The G5 iMac | October 4, 2004
When the G5 iMac was launched I have to admit that I was less than impessed. While the specs were great, I just wasn't taken by the design. To me the G4 iMac was revolutionary. It's a beautiful piece of equipment that looks great in any home. In fact It's probably the nicest looking thing I own and still gets people talking when they come round to visit. By comparison then G5 iMac looked fairly plain and awkwardly proportioned.
One thing I love about the G4 iMac is it's ergonomic design and the fact that you can move the screen into pretty much any position you want. Apparently Apple did some research and found that people never really adjusted the height of the screen, so I guess that I must be one of the odd ones out. I share my iMac with my girlfriend and while I like to have the screen up at eye level, she usually has it lower and tilted up (I find this gives me neck ache). Also we'd occasionally watch a DVD on the iMac in which case we'd lower the screen completely so it was closer to our sitting height. This was one of the coolest features of the G4 iMac and one reason why the G5 felt like a step back.
However I thought it was best to reserve final judgement till I saw one in person. When the iPod mini was launched I also wasn't impressed by the design. The images on the apple store made them look a little cheap and garish, yet in real life they were actually pretty cool. So despite moving flats over the weekend (remind me not to buy any more stuff), I took half an hour out to check out the new iMac at my local Mac dealer.
My first impressions were a lot more positive than I'd expected. While the images on the Apple site make the G5 look a little dull and lacklustre, in reality they have quite a nice finish. The large space at the bottom of the screen looks much more prominent on the images than in real life, so the G5 iMac doesn't look as out of proportions as I was expecting. So while not as attractive as the G4 iMac, the G5 isn't as ugly as I thought it was going to be and could possibly even grow on me.
The machine was easy to swivel on it's base and the tilt range was pretty good, just no where near as nice as the G4 iMac. The pics made the stand look a little unstable which was confirmed by "bump testing" the table at the shop. I could quite easily see the whole thing coming crashing to the ground if you accidentally knock the table it's on a little too hard. I had a play with Photoshop, running through some actions. I have to admit that I'd expected blisteringly fast results, so as a little disappointed as the speed. However this could have been a memory thing (256MB is far to little memory for even a consumer computer these days). They didn't have Halo installed but Nanosaur 2 ran pretty smoothly. Just a shame you can't change the graphics card yourself or even get a better one as a built-to-order option. As such while the G5 iMac will be fine for the current slew of Mac games, It probably won't do so well with the next generation of games.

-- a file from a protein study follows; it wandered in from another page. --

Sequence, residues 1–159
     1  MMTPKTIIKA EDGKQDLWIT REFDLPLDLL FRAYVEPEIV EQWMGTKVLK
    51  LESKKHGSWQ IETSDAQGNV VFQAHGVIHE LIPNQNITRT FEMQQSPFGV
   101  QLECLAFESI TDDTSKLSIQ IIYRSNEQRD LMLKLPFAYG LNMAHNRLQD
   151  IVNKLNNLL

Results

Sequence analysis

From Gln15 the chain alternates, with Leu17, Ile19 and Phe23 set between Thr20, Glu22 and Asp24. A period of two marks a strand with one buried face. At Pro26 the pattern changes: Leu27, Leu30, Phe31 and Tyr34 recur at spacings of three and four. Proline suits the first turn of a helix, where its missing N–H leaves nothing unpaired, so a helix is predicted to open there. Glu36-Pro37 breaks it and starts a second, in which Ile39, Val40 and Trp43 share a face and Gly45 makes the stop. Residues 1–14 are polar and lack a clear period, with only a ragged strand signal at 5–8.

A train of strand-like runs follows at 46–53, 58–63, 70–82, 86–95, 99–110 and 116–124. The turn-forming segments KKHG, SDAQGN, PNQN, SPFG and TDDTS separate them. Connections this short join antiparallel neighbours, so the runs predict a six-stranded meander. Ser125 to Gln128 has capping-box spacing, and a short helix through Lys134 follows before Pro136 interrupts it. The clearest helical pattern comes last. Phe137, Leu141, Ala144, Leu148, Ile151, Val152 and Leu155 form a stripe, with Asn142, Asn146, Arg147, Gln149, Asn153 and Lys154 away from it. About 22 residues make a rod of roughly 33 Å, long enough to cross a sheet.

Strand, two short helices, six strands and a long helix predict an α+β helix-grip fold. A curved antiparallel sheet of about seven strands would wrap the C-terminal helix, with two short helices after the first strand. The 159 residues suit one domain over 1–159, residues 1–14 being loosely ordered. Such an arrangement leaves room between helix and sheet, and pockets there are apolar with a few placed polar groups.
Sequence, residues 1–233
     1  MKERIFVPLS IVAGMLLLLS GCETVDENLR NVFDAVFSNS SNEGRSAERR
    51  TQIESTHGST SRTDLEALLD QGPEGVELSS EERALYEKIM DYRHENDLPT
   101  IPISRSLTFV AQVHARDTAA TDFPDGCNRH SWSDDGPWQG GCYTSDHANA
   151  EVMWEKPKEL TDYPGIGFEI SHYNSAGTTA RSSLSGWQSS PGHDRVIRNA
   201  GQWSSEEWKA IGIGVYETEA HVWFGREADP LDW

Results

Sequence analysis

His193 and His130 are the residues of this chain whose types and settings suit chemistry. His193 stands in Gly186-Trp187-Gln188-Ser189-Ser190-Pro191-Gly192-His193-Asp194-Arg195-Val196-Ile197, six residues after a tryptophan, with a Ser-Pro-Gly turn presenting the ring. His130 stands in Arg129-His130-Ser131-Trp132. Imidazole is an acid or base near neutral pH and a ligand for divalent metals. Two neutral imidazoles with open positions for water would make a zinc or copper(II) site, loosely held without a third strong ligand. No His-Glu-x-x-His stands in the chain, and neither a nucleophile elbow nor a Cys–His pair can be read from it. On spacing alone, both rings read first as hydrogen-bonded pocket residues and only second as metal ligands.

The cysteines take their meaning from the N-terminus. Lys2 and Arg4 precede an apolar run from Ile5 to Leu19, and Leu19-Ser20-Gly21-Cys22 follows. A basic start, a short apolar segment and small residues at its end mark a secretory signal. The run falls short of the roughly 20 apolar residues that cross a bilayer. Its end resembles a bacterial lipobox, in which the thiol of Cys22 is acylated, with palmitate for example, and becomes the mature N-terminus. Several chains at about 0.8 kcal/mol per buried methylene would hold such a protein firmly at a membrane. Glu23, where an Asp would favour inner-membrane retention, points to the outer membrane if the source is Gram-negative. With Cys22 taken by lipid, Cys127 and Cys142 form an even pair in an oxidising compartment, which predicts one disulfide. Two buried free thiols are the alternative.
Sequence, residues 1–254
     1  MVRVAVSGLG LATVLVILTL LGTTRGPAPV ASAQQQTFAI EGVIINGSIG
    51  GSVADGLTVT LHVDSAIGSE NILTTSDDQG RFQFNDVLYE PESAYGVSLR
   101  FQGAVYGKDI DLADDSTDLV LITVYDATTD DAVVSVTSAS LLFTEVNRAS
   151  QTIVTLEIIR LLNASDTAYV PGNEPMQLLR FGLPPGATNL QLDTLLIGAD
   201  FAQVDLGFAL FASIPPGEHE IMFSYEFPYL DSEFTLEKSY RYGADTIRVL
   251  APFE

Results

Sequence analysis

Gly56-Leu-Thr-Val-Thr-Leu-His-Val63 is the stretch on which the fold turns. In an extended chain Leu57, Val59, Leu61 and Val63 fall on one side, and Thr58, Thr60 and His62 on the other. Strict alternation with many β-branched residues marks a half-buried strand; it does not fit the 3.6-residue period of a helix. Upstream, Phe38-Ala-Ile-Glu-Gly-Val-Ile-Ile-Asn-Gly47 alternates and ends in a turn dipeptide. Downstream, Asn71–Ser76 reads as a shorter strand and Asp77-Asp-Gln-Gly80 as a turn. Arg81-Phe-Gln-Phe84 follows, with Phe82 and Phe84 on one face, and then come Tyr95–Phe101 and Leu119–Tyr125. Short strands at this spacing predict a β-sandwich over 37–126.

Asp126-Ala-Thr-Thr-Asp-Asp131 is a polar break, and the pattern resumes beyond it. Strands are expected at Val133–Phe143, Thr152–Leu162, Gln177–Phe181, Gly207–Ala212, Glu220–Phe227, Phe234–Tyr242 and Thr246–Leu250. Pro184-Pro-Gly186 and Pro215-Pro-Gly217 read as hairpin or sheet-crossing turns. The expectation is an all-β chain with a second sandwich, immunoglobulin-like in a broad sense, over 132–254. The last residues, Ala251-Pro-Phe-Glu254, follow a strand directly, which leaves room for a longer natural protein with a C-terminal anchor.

So on the whole I was pleasantly surprised. While I love my ageing G4 iMac, it just doesn't have the power or storage I need, so I think upgrading to a new G5 may be on the cards. You do get quite a bit of bang for your buck, but it's still gonna set me back over £1,500 for the 20-inch model with a bit of extra RAM, WiFi, Bluetooth and a wireless keyboard. That's quite a lot to spend on a home computer, especially as my G4 is only a few years old. I guess I better start saving.
Posted at October 4, 2004 12:35 PM